by Allison Ochs, M.S.W.
Change Edit Management
When my daughter was eight, I went to pick her up from sailing on a Wednesday afternoon. I merrily walked through the harbor in my cute summer dress, very pleased with my life abroad. There I was on the shores of Lake Geneva, and my adorable daughter was sailing and speaking French to other children. As I approached, she smiled and looked up as I introduced myself to her new trainer with my very pronounced accent, "Bonjour, je suis la maman de Carli" (Hi, I'm Carli's mom). He looked me up and down as if I was some weird creature from Mars, not the cute mom of this adorable little French-speaking girl. He then he looked at Carli; everyone was staring at us and I realized how much Carli wanted me to be like all the other moms, without the accent, the bold personality and overly excited approach to life. I explained I was American, mentally shrugged and the two of us started chattering in English as we walked away with everyone's eyes glued to us.
This scenario has replayed itself over and over. My daughter told me she was at a storytelling event and a young Irish man was speaking. She spoke to him creating small talk, "So where are you from?" She meant where in Ireland but when he answered, "I am Dutch," she about fell over. I am sure that young man had this scenario play out as well with his parents when he was a child in Ireland.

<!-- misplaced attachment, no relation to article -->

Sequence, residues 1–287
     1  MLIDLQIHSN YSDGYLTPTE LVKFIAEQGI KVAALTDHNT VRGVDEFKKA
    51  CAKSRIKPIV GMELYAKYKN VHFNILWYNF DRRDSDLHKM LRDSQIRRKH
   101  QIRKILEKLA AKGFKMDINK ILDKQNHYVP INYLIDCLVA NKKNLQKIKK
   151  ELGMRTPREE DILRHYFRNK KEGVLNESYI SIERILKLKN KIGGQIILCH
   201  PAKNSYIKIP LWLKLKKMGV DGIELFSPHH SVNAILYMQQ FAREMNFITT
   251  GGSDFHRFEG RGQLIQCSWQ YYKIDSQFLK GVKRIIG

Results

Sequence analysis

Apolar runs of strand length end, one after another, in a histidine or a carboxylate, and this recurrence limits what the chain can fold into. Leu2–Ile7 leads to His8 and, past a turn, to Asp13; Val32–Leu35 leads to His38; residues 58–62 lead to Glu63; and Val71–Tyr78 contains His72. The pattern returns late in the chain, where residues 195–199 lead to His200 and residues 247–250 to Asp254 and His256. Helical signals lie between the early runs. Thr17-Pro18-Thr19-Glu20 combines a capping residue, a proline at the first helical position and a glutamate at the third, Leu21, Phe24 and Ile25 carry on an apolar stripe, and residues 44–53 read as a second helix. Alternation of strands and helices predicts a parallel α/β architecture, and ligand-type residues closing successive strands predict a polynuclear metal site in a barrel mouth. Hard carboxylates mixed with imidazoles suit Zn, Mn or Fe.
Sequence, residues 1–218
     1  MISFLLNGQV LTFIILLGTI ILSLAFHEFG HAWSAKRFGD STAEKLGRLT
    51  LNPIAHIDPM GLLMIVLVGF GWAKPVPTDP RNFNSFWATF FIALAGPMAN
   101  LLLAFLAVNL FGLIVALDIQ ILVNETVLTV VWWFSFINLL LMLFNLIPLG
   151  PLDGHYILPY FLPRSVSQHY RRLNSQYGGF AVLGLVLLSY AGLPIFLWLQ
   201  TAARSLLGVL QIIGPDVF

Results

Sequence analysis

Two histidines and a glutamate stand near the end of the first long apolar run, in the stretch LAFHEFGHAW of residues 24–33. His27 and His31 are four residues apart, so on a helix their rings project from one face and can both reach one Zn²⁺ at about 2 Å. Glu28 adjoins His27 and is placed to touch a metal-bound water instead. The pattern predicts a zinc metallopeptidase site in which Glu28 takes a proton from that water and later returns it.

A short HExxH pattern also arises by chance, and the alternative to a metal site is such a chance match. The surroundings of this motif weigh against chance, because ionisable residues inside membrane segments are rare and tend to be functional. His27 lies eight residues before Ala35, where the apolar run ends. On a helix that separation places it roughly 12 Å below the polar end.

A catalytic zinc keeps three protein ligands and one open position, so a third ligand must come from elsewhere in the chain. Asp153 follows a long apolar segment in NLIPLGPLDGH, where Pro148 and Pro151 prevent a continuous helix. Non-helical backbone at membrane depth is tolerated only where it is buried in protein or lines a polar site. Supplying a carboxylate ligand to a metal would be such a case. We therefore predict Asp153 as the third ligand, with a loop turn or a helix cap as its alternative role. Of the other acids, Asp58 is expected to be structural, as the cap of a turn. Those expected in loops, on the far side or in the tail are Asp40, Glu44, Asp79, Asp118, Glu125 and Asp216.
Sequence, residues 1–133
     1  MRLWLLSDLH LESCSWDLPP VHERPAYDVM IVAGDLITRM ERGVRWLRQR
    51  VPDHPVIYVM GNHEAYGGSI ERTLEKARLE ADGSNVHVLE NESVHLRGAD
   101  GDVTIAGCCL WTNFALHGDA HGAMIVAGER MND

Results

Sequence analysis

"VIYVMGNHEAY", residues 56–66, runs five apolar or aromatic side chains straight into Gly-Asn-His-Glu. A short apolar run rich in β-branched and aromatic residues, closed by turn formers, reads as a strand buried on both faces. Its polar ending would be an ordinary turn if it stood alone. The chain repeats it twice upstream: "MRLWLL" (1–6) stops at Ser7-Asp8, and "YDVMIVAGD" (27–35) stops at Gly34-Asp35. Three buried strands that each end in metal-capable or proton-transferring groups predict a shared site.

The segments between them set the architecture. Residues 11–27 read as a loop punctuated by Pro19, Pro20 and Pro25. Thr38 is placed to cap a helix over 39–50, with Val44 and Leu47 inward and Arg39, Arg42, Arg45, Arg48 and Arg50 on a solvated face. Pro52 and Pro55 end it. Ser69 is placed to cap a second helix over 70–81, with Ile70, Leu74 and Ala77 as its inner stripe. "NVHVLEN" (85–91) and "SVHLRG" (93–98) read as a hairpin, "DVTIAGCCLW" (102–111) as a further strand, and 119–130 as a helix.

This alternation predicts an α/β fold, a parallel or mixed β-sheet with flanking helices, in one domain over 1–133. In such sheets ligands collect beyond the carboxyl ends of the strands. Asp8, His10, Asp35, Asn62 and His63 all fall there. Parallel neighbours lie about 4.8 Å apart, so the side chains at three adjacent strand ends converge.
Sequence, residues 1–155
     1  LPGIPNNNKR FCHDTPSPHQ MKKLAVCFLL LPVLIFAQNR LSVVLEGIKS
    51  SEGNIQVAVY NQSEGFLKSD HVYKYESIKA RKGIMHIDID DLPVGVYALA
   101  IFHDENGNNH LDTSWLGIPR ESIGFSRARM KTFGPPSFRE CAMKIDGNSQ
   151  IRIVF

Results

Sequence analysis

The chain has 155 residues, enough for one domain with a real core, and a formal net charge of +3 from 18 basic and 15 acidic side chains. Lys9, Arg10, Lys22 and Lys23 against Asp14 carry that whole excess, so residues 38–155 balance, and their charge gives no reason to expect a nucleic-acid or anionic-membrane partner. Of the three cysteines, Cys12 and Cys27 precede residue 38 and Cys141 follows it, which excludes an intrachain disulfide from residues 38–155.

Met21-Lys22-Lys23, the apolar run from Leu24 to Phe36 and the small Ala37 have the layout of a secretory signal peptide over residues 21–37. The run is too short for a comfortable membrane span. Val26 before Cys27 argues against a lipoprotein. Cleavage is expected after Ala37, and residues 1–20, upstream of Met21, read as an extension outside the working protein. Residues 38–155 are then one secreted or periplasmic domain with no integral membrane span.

Going local or sending your children to a school in a language that isn't your mother tongue means you will embarrass your kids with your accent and strange ways, you won't be able to help them with their homework all the time, you will misunderstand things, and they will feel at a disadvantage.
I thought we would grow out of this, but at 22 my daughter still complains that even though she is fluent and did all of her schooling in French, others tell her she isn't a "true" native speaker. Actually, she isn't a native anywhere and just has to live with comments about how her vocabulary isn't the best in every language.
Is it my fault? Am I to blame? Maybe. I sure tried to fit in everywhere, but regardless of my efforts, this happens. Even if I change passports, I will forever remain the crazy American mom; I might as well drape a flag over my shoulders. It's the life of an expat child: no matter how much you try to improve your vocabulary and be perfect, someone will make a comment. This is just something you will have to grin and bear.